ALBANY — Gov. Cuomo plans to vote “no” on the question of whether to hold a constitutional convention, his office announced Monday.
“The governor is voting no on a constitutional convention because the current delegate system does not offer enough protections to prevent the status quo and special interests from governing,” said Cuomo spokeswoman Abbey Fashouer.
Cuomo had previously said he supported the concept of a convention — but had also expressed concerns that any convention would be controlled by the same influences that currently rule in Albany.
“It’s a way to get reform, but you have to elect delegates who are not currently elected officials,” Cuomo said over the summer.
New York voters to decide on state constitutional convention
State law requires the question of a constitutional convention be put to voters at least once every 20 years. If voters vote yes Tuesday, an election would be held next year to select delegates and a convention convened in 2019.
A collection of advocacy groups, including the League of Women Voters and the New York State Bar Association, believe that a convention offers the best chance to enact reforms that have long-stalled in the Legislature, including tighter campaign finance limits and stricter government ethics laws.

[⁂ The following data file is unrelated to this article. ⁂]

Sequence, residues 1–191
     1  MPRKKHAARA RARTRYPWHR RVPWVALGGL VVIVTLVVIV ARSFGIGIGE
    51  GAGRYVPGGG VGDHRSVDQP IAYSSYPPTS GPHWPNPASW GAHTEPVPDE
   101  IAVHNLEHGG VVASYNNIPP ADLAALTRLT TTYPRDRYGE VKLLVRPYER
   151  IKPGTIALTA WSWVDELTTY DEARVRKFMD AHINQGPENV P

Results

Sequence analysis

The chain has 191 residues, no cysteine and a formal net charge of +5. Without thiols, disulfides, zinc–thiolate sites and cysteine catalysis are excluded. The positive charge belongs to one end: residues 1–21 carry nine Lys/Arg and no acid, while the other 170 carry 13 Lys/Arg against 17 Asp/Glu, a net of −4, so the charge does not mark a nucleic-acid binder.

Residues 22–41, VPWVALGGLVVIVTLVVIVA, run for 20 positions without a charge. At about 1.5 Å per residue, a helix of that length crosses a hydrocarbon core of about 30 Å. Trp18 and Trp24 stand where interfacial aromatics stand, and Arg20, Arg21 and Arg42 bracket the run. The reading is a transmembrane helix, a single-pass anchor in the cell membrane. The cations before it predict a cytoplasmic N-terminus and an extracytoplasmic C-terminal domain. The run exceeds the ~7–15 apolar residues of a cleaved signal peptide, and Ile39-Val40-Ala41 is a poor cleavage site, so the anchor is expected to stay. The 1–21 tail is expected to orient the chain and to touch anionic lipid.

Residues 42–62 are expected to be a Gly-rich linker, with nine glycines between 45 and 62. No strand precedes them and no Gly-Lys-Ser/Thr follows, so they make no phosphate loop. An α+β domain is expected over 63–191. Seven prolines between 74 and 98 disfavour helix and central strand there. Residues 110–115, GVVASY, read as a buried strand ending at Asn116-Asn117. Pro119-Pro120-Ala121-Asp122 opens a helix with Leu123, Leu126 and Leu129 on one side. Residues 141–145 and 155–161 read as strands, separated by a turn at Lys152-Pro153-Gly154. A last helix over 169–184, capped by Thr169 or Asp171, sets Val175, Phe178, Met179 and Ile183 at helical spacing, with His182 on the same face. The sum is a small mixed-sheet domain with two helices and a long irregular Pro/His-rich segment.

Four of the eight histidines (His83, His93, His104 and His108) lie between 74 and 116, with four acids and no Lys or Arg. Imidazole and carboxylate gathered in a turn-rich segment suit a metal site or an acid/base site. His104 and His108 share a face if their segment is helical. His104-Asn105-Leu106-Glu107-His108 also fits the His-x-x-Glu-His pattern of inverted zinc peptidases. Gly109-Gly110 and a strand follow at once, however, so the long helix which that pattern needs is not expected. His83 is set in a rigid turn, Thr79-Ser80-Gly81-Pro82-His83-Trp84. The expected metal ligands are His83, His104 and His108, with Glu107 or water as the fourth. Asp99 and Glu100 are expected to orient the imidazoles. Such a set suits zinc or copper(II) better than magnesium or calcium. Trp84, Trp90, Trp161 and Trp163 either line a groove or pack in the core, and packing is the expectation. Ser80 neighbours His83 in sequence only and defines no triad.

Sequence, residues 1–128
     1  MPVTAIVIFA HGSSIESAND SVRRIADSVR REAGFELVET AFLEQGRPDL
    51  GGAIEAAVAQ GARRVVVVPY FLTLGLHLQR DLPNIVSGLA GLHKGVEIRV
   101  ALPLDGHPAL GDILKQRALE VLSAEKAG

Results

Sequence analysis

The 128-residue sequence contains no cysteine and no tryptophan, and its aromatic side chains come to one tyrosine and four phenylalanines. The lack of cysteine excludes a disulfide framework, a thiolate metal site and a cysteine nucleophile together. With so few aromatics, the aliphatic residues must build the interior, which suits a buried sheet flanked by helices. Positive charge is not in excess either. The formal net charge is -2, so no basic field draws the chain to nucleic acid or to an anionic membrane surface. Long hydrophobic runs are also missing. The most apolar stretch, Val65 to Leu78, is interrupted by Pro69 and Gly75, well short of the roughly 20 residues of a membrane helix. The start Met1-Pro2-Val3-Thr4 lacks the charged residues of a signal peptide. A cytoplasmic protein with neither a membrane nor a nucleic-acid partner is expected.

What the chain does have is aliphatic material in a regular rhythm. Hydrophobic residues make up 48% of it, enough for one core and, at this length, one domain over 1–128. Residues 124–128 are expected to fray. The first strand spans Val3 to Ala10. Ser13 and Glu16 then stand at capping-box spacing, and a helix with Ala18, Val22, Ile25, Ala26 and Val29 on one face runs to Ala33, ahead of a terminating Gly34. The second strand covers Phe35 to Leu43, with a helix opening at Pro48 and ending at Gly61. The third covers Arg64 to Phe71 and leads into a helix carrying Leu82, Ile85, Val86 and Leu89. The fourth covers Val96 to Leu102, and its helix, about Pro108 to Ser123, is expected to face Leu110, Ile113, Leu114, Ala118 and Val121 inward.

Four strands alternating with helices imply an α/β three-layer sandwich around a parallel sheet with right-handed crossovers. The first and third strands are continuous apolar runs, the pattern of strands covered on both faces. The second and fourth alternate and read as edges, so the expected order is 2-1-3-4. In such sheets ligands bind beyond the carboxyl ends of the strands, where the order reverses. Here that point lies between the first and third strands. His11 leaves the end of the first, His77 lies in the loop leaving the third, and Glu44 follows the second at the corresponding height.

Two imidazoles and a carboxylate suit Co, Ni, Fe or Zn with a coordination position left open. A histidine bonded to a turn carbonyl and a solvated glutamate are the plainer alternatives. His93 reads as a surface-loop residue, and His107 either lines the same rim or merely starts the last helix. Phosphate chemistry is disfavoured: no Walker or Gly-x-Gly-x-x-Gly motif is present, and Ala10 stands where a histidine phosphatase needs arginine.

Opposing the convention is a broad array of powerful interest groups — including most of state’s unions and environmental advocates — who argue that it would give business interests and other well-financed groups an avenue to weaken existing labor and environmental protections.
The convention question is one of three statewide ballot initiatives on the backs ballots Tuesday.
One proposition will amend the state constitution to allow politicians convicted of corruption charges to be stripped of their pensions. Another will ease the forever wild restrictions in Adirondacks and Catskills forests by creating a land bank, which supporters argue would make it easier for municipalities in the region to make much-needed road repairs and other infrastructure improvements.
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